Glancing back down, she turns my hand over and starts fidgeting with it. I've never seen her so unsure. "She seems to think she's the reason I..." One of her hands abandons its toy to wave between us. "The reason you and I don't..." The free hand drops again to squeeze mine. "That I'm using being a single mom as a way of avoiding a deeper relationship with you." It's said in a rush followed by a look of determination. "She said she wants me to be happy and wouldn't mind having a dad again."

There's no helping the big grin that spreads across my face. "Just a sec'." Pulling my hand free, I reach for my pocket only to remember I've taken off my jacket. "I know we haven't..." Scrambling for it, I pull out the little box that has been my companion since I nearly lost Diana. "But I'm more than confident that, well..." It's not the way I'd hoped to propose, but I just can't seem to find the words. "Here." I hold out my hand with its precious offering.

Eyes wide with surprise, she gapes at the box. Then, with a snap, her mouth shuts, and she squints suspiciously at me. "Did you and Maia set this up?"

"What?" I'd anticipated a wide variety of responses, but never that.

"It seems rather convenient that we get stuck in an elevator, and you just happen to have a ring."

"Diana," I can't stop the laugh that escapes me, "I've had the ring for months."

Her brow smoothes, her gaze softening as the implication sinks in. "Months?"

Nodding, I explain, "I've been waiting."

"Waiting?" Again, she furrows her brow in suspicion. "For what?"

"For a time when I thought you might say 'yes.'"

There has been only one other time I've seen Diana close to tears--when Maia went missing. That she'd been willing to let herself die in her fantasy world with her fake Maia, that she'd done it without any concern for how anyone else might feel about losing her along with her daughter--it had crushed me. My sisters have worked with people who've lost kids. They convinced me Diana's reaction didn't mean she didn't care about me. Even so, I'd had no idea her feelings for me could move her this deeply. With trembling hands, she reaches for my face and draws me close. Her lips are needy, and I happily lose myself in giving her all she asks for.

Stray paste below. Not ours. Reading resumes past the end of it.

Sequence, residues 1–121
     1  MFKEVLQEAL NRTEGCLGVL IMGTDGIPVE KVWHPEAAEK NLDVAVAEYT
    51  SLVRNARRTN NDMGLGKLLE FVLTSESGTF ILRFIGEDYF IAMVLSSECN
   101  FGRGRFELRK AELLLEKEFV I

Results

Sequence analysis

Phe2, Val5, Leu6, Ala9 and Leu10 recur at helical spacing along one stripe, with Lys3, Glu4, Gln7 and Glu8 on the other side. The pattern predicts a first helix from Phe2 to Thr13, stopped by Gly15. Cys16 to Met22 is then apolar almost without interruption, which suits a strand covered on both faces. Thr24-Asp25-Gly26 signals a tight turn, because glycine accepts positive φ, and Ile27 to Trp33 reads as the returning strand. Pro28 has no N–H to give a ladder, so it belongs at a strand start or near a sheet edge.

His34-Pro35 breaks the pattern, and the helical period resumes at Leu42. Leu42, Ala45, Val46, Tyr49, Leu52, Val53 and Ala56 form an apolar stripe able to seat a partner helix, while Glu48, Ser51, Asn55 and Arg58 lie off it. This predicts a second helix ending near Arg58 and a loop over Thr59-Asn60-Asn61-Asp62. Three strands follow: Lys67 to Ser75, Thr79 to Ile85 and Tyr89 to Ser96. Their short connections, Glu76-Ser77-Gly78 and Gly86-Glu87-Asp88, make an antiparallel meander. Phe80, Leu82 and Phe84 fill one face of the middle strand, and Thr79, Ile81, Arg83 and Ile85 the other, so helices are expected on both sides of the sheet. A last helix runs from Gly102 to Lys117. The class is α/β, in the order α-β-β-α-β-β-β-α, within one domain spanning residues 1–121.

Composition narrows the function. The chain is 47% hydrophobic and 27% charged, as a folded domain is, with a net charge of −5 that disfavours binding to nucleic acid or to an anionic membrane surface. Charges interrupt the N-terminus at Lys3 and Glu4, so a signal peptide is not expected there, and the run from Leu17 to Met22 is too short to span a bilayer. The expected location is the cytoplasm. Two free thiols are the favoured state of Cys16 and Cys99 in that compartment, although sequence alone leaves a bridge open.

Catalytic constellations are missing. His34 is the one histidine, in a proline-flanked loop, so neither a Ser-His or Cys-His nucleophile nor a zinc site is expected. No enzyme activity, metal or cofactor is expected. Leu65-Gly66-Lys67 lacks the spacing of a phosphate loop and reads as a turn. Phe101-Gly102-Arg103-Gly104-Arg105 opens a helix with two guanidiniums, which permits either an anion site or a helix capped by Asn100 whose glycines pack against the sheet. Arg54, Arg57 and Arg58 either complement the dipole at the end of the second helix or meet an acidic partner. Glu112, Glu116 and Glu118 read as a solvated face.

By the time the lights turn back on and the elevator jerks into motion, she's in my lap, having her way with my left earlobe. Her normal reserve apparently forgotten, I abandon the inner curve of her trapezius and pull away for the sake of propriety, receiving a disgruntled noise for my troubles.

"Diana, we're-"

With a ding, the elevator door opens to Maia and her friends, all with expectant looks on their faces. That gets Diana moving. She almost knees me in her haste to stand and straighten her blouse. Just as she opens her mouth to speak, one of Maia's friends beats her to the punch.

"Look!" Amy points with glee.

Everyone's gaze travels to the little box on the floor.

Maia gasps, stomps in and grabs her mother's left hand. Shoulders slumping, her disappointed gaze travels to me then back to Diana. "You said you'd say yes."